A number of California education organizations have filed suit accusing the state of violating federal laws and the state constitution by suspending the monitoring of specialized education programs for at least one year.
The lawsuit, filed June 11 in superior court in San Francisco, says programs that won’t be reviewed include those serving students who are English-language learners, migrants, and neglected, delinquent, or homeless.
Without the monitoring, said Shelly Spiegel Coleman, the executive director of Californians Together, one of the groups bringing the lawsuit, “the districts are not held accountable for providing the services that are needed and for using the money to support the academic success of the students.”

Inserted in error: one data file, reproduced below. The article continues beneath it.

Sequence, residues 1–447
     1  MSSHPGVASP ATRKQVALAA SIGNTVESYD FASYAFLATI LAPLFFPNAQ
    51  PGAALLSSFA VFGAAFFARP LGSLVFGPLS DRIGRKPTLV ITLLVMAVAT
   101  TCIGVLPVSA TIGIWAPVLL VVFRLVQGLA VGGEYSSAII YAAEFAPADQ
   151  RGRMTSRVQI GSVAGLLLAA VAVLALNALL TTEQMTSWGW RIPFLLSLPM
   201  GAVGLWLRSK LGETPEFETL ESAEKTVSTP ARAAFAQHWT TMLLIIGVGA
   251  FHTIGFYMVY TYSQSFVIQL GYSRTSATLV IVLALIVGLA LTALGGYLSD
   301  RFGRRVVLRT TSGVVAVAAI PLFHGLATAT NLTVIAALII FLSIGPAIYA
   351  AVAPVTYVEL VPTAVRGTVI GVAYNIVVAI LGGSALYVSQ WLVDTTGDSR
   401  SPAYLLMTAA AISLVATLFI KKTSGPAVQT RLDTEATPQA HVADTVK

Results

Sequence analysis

Jack O’Connell, the state superintendent of public instruction, announced in a March 23 memo to school districts that he was suspending all “nonmandated on-site categorical program monitoring visits for at least one year.” He wrote: “During these challenging times, I want districts and schools to be able to focus their energy on improving student achievement and not on preparing for program audits.”
A version of this article appeared in the June 17, 2009 edition of Education Week